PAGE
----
That’s the song’s calling card, Sylvia’s self-awareness of her sexual appeal that comes across in every coo, sigh and moan. If vocals could physically wink and smile at you she’s found a way to pull that off here, inferring an invitation to the boudoir that certainly wouldn’t hold up in court if you were bold enough to take her up on the offer, but by the sounds of it she’d welcome the visit just the same.

There’s certainly not the headline grabbing plot that defined the flip-side, where sex was at the forefront as soon as they turned the key and stepped on the gas, but I I Found Somebody To Love might actually be slightly more effective at revving your engine as it were, because it leaves the details up to your imagination rather than spelling it out for you.

Surely you know what she means, and she knows you know, but she’s holding back on providing you with the key to her room, making you work a little harder to get in.

Another reason this works so well is because of how it creatively “borrows” from past hits, something that we tend to take a dim view of most of the time but here by combining two past hits that on the surface don’t seem to be coming from the same place – The Ray-O-Vacs I’ll Always Be In Love With You with its laconic vocal and sort of a slowed-down version of Ruth Brown’s Teardrops From My Eyes – it qualifies as “inspiration” more than being just a shallow rip-off.

Besides, those melodies are pretty good and with Sylvia’s vocal gyrations – holding notes, drawing things out and twisting the meaning of words in the process – it gives this an identity all its own.

It’s catchy, slightly erotic and a perfect vehicle for a young girl, already wiser than her years and who is now coming into her own, both as a woman and as an artist. Too bad we can’t say the same for her record company who fouled up yet another release.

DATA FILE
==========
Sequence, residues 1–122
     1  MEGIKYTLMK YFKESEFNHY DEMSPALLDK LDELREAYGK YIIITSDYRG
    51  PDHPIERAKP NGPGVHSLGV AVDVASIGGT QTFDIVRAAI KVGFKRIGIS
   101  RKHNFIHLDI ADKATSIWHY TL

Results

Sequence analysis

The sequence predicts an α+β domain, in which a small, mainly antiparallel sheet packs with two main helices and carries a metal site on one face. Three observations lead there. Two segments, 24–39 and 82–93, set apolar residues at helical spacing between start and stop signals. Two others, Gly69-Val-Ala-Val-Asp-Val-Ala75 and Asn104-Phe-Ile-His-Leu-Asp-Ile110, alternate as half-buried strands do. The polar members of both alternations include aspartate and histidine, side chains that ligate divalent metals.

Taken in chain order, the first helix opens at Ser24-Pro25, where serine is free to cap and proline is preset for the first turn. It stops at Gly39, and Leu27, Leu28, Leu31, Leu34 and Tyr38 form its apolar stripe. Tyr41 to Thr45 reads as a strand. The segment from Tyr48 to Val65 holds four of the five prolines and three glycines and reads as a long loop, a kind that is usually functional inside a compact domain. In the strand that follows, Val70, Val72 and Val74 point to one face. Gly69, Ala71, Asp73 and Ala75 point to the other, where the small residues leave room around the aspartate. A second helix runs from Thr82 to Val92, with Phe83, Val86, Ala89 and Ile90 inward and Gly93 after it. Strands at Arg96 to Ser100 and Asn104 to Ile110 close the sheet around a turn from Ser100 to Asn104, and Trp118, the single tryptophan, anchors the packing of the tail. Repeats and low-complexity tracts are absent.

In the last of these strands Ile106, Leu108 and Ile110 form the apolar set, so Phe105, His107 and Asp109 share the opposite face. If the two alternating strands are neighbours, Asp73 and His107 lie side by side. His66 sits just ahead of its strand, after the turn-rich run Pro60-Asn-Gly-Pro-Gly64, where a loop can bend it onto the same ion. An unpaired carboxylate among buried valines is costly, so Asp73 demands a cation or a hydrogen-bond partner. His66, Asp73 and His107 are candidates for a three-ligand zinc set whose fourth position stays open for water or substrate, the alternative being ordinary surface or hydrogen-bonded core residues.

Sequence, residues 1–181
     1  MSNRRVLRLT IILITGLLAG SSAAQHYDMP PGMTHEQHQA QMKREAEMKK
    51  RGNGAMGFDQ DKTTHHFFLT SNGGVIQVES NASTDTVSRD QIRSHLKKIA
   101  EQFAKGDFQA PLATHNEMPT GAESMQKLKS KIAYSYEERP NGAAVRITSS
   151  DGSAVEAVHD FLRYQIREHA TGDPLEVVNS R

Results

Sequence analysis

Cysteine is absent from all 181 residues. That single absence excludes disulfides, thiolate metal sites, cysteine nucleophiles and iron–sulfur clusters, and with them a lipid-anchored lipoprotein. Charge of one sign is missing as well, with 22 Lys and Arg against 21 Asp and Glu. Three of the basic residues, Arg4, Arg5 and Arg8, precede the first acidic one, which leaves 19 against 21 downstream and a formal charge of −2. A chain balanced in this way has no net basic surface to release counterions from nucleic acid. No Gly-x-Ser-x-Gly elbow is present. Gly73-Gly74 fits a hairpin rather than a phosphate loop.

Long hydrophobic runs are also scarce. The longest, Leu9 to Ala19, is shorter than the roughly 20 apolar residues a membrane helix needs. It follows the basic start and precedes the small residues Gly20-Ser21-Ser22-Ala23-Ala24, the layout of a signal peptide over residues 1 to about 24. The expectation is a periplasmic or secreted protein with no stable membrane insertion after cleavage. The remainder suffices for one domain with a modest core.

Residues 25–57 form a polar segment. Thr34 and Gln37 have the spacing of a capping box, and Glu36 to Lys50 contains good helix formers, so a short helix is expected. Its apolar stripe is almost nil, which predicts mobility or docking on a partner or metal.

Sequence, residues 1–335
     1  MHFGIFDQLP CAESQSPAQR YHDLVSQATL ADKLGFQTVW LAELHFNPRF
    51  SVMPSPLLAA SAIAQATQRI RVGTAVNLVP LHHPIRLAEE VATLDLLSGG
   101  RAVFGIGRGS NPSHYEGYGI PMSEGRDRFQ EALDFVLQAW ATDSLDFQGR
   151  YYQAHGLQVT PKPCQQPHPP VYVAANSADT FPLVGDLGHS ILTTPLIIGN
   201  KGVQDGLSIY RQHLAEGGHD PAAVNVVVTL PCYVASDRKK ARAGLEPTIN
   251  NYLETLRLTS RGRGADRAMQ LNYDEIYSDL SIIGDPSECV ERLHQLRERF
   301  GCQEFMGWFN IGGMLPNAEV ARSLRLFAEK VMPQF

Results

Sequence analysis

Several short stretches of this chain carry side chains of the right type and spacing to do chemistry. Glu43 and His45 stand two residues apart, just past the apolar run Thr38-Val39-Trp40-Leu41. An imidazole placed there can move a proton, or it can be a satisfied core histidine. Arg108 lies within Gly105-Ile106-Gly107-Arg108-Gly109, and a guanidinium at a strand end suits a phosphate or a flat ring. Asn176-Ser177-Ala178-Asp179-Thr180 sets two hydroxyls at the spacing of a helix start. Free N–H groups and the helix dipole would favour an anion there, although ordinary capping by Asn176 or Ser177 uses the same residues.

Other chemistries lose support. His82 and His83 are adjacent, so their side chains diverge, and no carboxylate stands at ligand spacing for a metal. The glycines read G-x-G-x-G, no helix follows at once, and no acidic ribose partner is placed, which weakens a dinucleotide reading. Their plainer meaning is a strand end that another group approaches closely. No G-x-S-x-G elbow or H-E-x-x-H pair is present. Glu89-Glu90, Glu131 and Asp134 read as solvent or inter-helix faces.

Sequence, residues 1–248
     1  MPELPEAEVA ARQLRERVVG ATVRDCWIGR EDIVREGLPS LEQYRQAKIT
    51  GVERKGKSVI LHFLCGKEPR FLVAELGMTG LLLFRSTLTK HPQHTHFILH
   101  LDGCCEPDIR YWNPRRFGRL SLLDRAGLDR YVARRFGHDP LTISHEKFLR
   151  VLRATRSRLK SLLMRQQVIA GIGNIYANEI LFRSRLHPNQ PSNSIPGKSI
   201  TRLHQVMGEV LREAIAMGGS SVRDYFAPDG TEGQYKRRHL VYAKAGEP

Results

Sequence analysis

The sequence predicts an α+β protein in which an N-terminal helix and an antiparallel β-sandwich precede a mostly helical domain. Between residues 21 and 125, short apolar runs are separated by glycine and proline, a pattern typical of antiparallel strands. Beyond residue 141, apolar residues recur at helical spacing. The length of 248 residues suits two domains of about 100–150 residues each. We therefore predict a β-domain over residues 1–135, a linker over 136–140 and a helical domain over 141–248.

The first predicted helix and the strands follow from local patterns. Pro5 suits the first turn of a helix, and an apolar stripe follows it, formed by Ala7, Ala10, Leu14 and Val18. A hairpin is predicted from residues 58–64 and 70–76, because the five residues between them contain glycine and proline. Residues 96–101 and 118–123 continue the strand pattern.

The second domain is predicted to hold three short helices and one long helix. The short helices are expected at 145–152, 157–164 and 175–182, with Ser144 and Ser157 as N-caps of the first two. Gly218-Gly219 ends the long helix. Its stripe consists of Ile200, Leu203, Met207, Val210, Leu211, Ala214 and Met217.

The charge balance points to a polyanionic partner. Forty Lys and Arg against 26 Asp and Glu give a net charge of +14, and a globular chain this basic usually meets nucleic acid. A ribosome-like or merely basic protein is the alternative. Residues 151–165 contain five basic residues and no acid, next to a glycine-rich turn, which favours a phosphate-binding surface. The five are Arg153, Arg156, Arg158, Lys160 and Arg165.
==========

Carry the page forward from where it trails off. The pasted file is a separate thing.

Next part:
Come What May
There remains some confusion over which B-side was issued first.

Usually record companies will pull an original in order to try and take advantage of a rising hit with a timely cover version so that the other side – a potential hit in its own right – won’t get shafted altogether if they put out an entirely new single featuring the cover and a throwaway track on the back of it.

But that’s not believed to be the case here because the release of I Found Somebody To Love has both songs run-time added on the label, something they weren’t likely to pull on a second issue.

What IS known however is that there aren’t a lot of copies with this as the flip, meaning it probably came out a month or two later than the original August release and which gave Jubilee the idea that since this is a good song in its own right that maybe they should give it another chance, which is why it later became the flip side of Sylvia’s NEXT release on Jubilee 5100 before that quickly got pulled for another song.

In other words, the label’s head was so far up its own ass that they couldn’t see very well, meaning they might just have cost themselves a hit… or if not a hit, a more highly regarded near-miss instead of be left with a far too obscure song that has more questions than answers surrounding it.


(Visit the Artist page of Sylvia Vanderpool for the complete archive of her records reviewed to date)